Trust for a Child with learning disabilities

I have a client who has an eight year old with learning disabilities. In her view, it is not entirely clear the extent this will impact on him when he is older. Although I have explained the benefits to her of having a Vulnerable Persons Trust in her Will but she doesn’t want the additional cost and prefers to see how he is as gets older. She is putting the age of inheritance as 25 in her Will. He is her only child and would take 100% of her estate.
My question is that if she dies before he is 25 and does not get around to reviewing the Will, then will her trustees be able to take any action to protect the estate for him beyond 25 / set up a trust for him that would give him the protection he may need (if he meets the criteria for this at some point)?

Claudine Jackson
Trent Wills & Estates

Hi Claudine

Does the mother realise that if she does leave all her assets to her child outright rather than in a discretionary trust (I am not really familiar with Vulnerable persons trusts, they have always looked to be more bother than they are worth on the rare occasion I have looked although things may have changed), then he may well lose some if not all of his entitlement to benefits that he would otherwise keep.

At the moment, receipts from a discretionary trust do not count in assessing means tested benefits. The loss in benefits would quite possibly outweigh the costs of running a trust. Has she also considered that as someone with learning disabilities he is at an increased risk of being taken advantage of by the unscrupulous when he comes into his inheritance and it may soon disappear.

Good luck.

Sara Spencer
Trust and Estate

A Re Pilkington style trust may be possible using the statutory power of advancement, if doing so would be for her son’s benefit.

I would however say from a practical point this may require the trustees to obtain counsel’s opinion and is certain to incur additional costs to the estate. It would therefore be better if the testator put steps in place during her lifetime, but there would be a solution available if she does not.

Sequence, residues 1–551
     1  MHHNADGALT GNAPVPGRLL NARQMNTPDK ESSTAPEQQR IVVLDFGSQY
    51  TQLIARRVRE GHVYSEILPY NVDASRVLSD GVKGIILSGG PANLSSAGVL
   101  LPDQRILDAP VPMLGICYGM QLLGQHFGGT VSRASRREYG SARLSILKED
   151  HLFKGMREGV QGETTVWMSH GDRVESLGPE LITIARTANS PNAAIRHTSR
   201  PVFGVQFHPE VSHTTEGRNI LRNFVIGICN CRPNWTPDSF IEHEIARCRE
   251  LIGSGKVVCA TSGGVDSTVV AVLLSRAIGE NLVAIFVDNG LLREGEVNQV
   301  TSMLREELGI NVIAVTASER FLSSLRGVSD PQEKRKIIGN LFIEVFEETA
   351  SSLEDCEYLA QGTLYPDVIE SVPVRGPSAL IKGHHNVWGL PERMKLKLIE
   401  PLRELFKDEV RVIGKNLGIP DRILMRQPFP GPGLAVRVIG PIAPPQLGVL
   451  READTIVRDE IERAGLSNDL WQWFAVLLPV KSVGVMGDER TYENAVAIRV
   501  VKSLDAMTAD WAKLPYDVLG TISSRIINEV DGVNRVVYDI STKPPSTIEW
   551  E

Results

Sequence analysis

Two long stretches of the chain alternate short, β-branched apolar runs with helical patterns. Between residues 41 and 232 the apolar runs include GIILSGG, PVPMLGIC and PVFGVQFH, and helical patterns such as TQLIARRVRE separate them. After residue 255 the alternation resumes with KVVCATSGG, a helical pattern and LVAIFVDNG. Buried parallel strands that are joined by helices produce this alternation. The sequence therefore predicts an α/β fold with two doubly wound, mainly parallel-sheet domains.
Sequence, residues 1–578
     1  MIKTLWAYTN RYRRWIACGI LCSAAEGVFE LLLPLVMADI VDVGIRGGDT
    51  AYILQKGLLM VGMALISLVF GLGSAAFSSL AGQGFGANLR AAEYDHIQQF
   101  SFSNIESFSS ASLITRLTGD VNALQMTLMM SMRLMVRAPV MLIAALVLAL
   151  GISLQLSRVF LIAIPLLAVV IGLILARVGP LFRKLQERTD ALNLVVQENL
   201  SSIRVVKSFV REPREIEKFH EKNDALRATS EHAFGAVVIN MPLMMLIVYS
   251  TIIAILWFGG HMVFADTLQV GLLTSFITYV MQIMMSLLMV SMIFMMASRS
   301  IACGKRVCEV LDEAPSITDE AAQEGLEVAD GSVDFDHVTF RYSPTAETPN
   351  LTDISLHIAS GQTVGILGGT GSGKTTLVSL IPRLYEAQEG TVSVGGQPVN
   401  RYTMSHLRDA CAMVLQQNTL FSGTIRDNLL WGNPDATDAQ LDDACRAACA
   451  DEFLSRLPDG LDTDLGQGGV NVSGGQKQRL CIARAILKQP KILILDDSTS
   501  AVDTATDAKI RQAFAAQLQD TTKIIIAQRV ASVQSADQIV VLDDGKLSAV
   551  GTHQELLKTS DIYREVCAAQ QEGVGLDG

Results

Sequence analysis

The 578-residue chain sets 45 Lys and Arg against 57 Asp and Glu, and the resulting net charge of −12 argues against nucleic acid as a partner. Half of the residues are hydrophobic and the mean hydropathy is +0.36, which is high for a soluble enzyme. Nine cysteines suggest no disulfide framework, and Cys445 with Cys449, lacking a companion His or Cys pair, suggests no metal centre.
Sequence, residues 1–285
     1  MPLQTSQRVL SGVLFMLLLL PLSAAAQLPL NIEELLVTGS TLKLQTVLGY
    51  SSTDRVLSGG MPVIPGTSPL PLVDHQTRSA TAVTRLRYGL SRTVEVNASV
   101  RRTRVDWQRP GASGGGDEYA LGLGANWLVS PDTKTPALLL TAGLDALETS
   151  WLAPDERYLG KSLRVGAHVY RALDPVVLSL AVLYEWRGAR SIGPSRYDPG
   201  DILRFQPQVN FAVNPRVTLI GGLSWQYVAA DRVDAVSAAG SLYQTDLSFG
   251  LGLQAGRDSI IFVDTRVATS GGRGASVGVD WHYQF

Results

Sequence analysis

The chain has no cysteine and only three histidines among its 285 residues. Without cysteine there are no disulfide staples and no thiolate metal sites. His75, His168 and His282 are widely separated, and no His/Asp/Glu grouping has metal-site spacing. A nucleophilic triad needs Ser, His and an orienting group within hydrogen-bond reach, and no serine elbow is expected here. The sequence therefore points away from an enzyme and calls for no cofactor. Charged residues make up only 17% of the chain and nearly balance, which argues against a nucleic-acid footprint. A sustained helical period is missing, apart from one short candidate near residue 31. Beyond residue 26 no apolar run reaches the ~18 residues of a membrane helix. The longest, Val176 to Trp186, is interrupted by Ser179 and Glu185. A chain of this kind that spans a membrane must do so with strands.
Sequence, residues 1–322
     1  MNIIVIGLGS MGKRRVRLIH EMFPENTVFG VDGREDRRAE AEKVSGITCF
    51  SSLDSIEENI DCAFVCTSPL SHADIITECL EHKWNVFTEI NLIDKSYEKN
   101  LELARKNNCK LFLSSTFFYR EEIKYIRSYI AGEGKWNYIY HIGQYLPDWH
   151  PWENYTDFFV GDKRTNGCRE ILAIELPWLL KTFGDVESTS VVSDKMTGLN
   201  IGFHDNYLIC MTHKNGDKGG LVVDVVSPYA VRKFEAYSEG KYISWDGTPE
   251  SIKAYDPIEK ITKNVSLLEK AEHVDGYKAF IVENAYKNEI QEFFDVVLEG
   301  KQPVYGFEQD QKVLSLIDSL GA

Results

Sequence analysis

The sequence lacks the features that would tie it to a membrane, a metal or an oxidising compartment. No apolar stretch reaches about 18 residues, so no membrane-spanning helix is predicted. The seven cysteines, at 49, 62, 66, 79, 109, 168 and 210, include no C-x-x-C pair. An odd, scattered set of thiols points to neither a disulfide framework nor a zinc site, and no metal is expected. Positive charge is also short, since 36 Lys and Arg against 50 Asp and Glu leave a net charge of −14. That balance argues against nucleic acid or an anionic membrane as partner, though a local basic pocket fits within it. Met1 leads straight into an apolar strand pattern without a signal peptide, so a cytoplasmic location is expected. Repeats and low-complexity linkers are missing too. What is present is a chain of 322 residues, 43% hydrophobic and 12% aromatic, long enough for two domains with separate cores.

Ashley Minott
Allan Janes LLP

It is possible for the trustees of such a trust to exercise the power of advancement under sec 32 Trustee Act (I assume the will would extend it to the whole of the fund) so as to extend the trust into one which gives greater protection to the beneficiary- the main criterion being that the trustees believe that it would be for the benefit of that beneficiary. This looks rather high-handed and I think the trustees would have to consider their reasons rather carefully before taking a step which runs directly contrary to the terms of the will. The authority is a House of Lords case Pilkington v IRC [1964] AC612

I have a current trust with a similar problem, but with teenage beneficiaries both of whom have severe learning difficulties and are and will always be incapable. My clients are considering an alternative in which they do not exercise the power of advancement but wait for a deputy to be appointed and put the trust fund under the control of the Court of Protection. There is a case Re HM [2011] EWCOP B30 which debates the relative merits of deputyship versus private trust, and in that case the private trust narrowly won, but where the funds are modest and the incapacity likely to be lifelong, I think deputyship would and should win.

Tim Gibbons

Thanks Sara - yes I have definitely made her aware of the loss of benefits issue and potential exploitation from others. It’s a risky approach she is taking to save a few pounds now unfortunately.

Kind Regards
Claudine Jackson
Trent Wills & Estates

Thanks Ashley - very helpful

Claudine Jackson
Trent Wills & Estates

Thank you very much Tim. Very helpful to share these cases and your experience.

Claudine Jackson
Trent Wills & Estates